Cell line panel screen and validation of BPTES as a tool compound
To gain insight into the genetic/phenotypic determinants of GLS dependence, we screened a panel of cell lines with the published GLS1 inhibitor BPTES . We focused specifically on one tumor type, lung cancer, due to the large number of established cell line models available. Of the 62 lung lines selected for analysis using BPTES, 44 have been classified as NSCLC (S1 Table in S2 File). Relative growth rates (mu_BPTES/mu_DMSO) were calculated following drug treatment in order to best compare relative sensitivity to BPTES between cell lines that varied in doubling time. Approximately 30% of these 62 lines exhibited significant sensitivity to BPTES as defined by>40% reduction in growth rate (Fig. 1A, S1 Table in S2 File). The degree of sensitivity to BPTES was highly varied, with cell death evident in some cell lines (µBPTES/µDMSO <0; e.g. A427) and a near complete lack of response in others (e.g. NCI-H1563). Since CellTiter-Glo (CTG), which measures ATP levels, was used as a rapid, surrogate method for screening cell number following BPTES treatment, we validated that the effects of glutaminase inhibition on cellular ATP levels was a representative readout of cell number. Assessment of cell number by DNA content (Syto60) demonstrated a comparable effect of BPTES treatment on cell proliferation as indicated by CTG at the 72 hr endpoint (S1 Figure in S1 File).
(A) Sensitivity of a panel of NSCLC lines to inhibition of growth by 10 µM BPTES in a 72 hr proliferation assay. Growth rates (mu) plotted relative to DMSO control for each cell line (mu/max). (B,C) A427 parent cells or cells stably expressing an empty vector control (Con), wild-type GAC (GAC), or a BPTES-resistant GAC enzyme (GAC-BR) were treated with the indicated concentrations of BPTES (A) or the inactive BPTES analogue, AGX-4769 (C), in a 72 hr proliferation assay. Results are representative of three independent experiments with mean and standard deviation indicated. (D,E) Measurement of isotopomer labeled 13C(5)-Glu (D) or 13C(4)-Asp (E) from cells treated for 4 hr with BPTES or with inactive analogue AGX-4769. Results are the mean of three replicates with the standard deviation indicated. Calculated p-values from student t-test, *(3×10−8), **(10−9), #(10−7), ##(2×10−6).
In order to confirm that the effects of BPTES on cells are on-target, we engineered A427 cells to overexpress cDNA encoding a previously described BPTES resistant mutated GAC, named GAC-BR (F318A and F322A) and assessed the effect of BPTES on cell growth of these cells compared to cells overexpressing wild-type GAC (GAC-WT) or an empty vector. GAC-BR is unable to bind BPTES but maintains catalytic activity . Overexpression of GAC-BR rendered the A427 cells resistant to the growth inhibitory effects of BPTES (Fig. 1B) whereas cells expressing empty vector or GAC-WT retained significant sensitivity to BPTES. The modestly blunted effect of BPTES on growth of the GAC-WT compared to the parental or empty vector expressing lines is likely due to the ∼2x increase in GAC expression in this model. We also utilized this system to address the on-target effects of BPTES in modulating de novo synthesis of glutamate and aspartate from glutamine. S2 Figure (in S1 File) highlights the flow of carbon from glutamine to glutamate and downstream TCA intermediates as has been described , . Overexpression of GAC-BR, but not GAC-WT, ameliorated the BPTES induced block in glutamine flow into glutamate and aspartate (Fig. 1D,E). The incomplete restoration of 13C(5)-aspartate levels may reflect the particular sensitivity of this metabolite to GLS inhibition, perhaps due to the contribution of both carbon and nitrogen from glutamine to aspartate biosynthesis and/or due to effects from inhibition of the endogenous GLS1 activity. A biochemically inactive BPTES analogue, AGX-4769, with a conservative modification (S3 Figure in S1 File), was used to treat the same cell lines and had no effects on proliferation or downstream metabolites (Figs. 1C-E). These data indicate that the effects of BPTES on proliferation and modulation of downstream metabolites is due to inhibition of GLS1 and not due to off-target effects.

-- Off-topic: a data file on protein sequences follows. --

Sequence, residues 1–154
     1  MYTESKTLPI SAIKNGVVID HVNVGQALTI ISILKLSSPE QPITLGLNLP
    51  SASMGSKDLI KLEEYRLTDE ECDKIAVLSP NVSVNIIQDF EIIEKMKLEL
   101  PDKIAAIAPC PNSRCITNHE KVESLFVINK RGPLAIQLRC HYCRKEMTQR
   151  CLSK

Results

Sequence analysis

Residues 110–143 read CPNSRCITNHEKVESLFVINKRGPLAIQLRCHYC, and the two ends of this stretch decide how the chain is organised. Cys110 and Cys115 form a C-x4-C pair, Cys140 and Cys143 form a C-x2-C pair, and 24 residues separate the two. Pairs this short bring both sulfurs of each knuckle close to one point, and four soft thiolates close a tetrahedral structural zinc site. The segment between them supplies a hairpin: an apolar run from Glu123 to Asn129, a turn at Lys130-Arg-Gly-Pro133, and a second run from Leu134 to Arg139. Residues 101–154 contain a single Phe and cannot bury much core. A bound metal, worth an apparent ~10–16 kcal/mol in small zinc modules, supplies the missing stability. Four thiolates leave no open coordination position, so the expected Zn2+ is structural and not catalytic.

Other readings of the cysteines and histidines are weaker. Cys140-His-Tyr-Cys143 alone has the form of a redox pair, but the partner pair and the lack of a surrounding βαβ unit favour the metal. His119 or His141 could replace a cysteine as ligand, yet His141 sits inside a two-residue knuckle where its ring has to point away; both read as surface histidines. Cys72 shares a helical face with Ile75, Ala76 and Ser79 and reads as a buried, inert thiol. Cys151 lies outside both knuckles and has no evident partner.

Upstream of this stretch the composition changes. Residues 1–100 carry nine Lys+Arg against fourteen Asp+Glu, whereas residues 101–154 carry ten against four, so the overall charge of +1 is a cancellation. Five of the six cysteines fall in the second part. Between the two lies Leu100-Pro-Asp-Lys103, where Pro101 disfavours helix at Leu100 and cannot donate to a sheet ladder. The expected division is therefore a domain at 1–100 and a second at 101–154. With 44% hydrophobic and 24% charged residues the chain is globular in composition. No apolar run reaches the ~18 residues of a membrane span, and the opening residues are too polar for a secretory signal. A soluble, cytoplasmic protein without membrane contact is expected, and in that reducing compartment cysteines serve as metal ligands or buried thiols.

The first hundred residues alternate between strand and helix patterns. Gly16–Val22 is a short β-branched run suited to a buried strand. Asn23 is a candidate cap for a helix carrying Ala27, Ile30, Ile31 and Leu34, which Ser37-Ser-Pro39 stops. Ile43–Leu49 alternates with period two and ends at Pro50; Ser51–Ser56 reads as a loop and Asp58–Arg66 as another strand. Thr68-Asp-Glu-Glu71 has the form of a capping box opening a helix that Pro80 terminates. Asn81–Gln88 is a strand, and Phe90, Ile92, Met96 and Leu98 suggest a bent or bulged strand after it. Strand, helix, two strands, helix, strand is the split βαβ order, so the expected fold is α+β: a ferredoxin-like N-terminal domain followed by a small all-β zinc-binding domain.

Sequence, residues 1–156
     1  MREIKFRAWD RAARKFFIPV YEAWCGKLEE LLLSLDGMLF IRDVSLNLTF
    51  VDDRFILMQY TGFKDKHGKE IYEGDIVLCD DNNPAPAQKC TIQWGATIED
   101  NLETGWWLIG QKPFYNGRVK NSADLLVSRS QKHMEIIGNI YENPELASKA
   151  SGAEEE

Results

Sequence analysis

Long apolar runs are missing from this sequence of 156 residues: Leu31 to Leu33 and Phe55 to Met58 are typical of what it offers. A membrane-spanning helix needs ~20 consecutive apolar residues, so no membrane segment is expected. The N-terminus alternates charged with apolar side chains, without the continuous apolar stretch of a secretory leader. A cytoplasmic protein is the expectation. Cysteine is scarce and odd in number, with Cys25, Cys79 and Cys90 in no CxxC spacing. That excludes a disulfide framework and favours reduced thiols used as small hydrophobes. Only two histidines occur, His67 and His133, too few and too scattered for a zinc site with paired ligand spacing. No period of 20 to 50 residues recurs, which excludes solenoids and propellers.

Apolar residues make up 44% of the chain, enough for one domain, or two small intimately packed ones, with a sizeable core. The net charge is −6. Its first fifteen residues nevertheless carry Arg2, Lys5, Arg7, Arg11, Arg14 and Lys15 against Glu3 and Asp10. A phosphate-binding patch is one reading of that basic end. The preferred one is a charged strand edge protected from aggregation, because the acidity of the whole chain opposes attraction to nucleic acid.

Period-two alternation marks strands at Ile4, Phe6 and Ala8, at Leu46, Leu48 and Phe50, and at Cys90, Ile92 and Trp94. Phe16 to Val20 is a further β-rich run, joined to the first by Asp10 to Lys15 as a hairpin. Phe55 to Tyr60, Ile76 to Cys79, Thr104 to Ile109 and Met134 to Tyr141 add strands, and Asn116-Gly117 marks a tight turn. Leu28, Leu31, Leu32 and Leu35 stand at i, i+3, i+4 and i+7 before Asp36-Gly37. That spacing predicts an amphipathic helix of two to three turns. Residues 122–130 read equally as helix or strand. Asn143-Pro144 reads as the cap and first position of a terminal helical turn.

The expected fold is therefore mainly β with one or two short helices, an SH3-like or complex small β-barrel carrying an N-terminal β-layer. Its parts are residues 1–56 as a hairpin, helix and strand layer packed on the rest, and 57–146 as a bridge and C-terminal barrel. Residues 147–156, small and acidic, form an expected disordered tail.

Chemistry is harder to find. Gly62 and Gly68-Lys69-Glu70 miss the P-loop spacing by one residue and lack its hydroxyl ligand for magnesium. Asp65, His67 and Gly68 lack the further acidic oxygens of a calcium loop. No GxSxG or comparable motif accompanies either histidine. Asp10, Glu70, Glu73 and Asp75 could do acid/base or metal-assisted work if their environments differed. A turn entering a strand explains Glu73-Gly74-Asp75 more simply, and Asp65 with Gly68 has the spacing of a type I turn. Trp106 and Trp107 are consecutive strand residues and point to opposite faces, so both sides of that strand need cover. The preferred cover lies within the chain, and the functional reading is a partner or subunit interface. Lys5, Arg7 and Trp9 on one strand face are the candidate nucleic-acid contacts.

As yet another means of validating the utility of BPTES as a tool compound to screen for GLS dependence, we performed siRNA mediated knockdown of GLS1 (either total or GAC specifically) in a subset of 6 of the NSCLC lines from the panel. All 3 lines that were sensitive to BPTES were also sensitive to GLS KD, while the 3 that were not sensitive to BPTES were less/not sensitive (S4 Figure in S1 File). While KD of GAC alone resulted in substantial growth inhibition in the BPTES sensitive lines, KD of total GLS1 resulted in an even more profound impairment indicating that both isoforms of GLS1 (KGA and GAC) contribute to growth/viability of these cells.
GLS1 dependence in NSCLC with a mesenchymal (EMT) phenotype